Ghost Trees

, R. L. R. Ghost Trees. White Violet Press, 2016.

Ralph La Rosa’s poems are rich with vibrant imagery and skillfully measured meter. Each poem, like living portraits, resonates with a sense of life that can only come from the artistic mastery of emotion and intellect. These poems revisit the past with sheer honesty, delicately balancing his sweet melancholy with whimsical hope.La Rosa occasionally recalls his bruised ego from childhood, not with self-pity, but with an understanding of how those moments of doubt shapes one’s character. From his father’s endeavors to provide for his family to his mother’s sly chiding, La Rosa ironically finds wholeness. Whether it was football or music, he reminds us of how a thoughtless comment can have a lasting effect. In a crisp moment of clarity, he brings us back to a time, when working in a record shop, he realized that the quality of a jazz musician was not measured by his masterful ability to squeeze out a series of colorful notes, but by the color of the artist’s skin. An American Literature scion, La Rosa brings into focus his love of the transcendentalists, recalling Thoreau and Emerson. Better still, he keeps alive the ghosts of Walt Whitman and Emily Dickinson through imagined dialogues. These poems are a delight.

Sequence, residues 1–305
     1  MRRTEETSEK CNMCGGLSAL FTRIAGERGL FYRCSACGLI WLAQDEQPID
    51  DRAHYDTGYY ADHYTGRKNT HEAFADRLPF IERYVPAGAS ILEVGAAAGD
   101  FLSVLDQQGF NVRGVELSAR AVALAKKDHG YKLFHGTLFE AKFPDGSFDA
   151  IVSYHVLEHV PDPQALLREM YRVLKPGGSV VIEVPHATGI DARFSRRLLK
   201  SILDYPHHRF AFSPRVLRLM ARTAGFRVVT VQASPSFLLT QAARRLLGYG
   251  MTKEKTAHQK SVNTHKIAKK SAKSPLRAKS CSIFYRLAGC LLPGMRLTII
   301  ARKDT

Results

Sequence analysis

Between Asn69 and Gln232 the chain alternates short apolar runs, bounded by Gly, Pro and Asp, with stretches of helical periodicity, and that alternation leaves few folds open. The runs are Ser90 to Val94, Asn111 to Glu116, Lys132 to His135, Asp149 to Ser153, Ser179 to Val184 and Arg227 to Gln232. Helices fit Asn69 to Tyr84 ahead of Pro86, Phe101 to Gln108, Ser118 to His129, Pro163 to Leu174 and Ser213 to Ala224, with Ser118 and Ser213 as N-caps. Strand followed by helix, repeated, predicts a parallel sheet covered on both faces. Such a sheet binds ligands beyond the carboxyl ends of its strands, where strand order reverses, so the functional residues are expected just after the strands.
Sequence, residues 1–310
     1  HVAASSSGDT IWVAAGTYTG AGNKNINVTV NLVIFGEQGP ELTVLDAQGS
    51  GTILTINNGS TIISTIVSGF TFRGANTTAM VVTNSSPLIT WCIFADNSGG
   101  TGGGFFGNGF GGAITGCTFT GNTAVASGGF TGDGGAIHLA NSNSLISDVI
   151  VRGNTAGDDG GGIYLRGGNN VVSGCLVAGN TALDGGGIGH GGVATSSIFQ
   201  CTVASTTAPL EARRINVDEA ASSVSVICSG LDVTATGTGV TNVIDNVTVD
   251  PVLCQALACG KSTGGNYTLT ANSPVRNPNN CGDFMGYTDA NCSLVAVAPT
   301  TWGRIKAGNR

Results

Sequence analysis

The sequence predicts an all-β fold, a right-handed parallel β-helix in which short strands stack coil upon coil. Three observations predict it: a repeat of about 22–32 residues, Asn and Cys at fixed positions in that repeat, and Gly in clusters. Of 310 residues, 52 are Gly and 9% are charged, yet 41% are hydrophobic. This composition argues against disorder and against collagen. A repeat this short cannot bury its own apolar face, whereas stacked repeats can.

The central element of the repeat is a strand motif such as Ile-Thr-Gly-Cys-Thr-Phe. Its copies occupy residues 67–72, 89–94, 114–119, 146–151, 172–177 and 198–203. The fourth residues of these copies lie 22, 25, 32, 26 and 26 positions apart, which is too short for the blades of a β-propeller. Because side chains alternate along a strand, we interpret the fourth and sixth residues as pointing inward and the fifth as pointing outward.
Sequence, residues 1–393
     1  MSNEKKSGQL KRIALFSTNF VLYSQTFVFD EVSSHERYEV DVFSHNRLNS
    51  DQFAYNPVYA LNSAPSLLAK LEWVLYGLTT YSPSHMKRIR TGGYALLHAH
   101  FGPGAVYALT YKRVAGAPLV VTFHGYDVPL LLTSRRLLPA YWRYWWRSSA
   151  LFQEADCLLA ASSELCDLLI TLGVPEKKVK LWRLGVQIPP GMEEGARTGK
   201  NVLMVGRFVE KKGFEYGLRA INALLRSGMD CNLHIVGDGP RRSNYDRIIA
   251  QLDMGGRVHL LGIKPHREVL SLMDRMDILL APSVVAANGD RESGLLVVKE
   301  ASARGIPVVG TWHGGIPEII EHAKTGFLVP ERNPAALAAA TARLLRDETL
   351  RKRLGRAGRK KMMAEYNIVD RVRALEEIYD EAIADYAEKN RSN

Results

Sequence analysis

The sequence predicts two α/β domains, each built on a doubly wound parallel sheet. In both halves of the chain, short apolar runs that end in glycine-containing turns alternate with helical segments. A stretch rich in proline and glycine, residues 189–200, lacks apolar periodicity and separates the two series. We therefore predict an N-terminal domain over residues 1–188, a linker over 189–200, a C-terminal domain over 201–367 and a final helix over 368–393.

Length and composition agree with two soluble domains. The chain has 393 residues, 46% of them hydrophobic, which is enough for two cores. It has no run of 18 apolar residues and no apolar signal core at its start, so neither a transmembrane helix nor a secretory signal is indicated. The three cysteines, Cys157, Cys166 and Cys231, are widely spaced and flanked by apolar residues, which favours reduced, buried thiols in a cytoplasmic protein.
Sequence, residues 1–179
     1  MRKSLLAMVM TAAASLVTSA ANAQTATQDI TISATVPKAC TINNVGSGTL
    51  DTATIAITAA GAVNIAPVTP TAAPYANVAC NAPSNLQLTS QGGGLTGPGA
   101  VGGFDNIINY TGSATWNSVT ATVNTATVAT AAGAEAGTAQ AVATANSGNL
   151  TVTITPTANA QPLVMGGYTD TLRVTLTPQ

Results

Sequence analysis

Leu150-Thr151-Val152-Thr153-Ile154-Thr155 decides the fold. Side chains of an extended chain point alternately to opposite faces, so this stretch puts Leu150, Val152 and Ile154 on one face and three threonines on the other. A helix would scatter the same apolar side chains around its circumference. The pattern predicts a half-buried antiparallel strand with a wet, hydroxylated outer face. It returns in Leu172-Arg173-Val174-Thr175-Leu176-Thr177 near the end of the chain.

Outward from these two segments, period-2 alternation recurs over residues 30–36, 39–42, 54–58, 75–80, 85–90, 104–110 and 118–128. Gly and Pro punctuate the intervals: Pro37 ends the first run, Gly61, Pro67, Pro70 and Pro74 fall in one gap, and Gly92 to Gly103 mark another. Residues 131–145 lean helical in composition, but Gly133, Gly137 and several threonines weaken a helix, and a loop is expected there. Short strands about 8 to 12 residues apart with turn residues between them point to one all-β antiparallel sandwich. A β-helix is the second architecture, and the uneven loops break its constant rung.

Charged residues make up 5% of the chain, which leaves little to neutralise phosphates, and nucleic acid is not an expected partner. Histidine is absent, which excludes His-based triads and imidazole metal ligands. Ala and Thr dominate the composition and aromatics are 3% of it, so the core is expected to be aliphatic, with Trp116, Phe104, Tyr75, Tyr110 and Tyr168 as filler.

—John Orozco, author of Delano and Eddie and the Inmates

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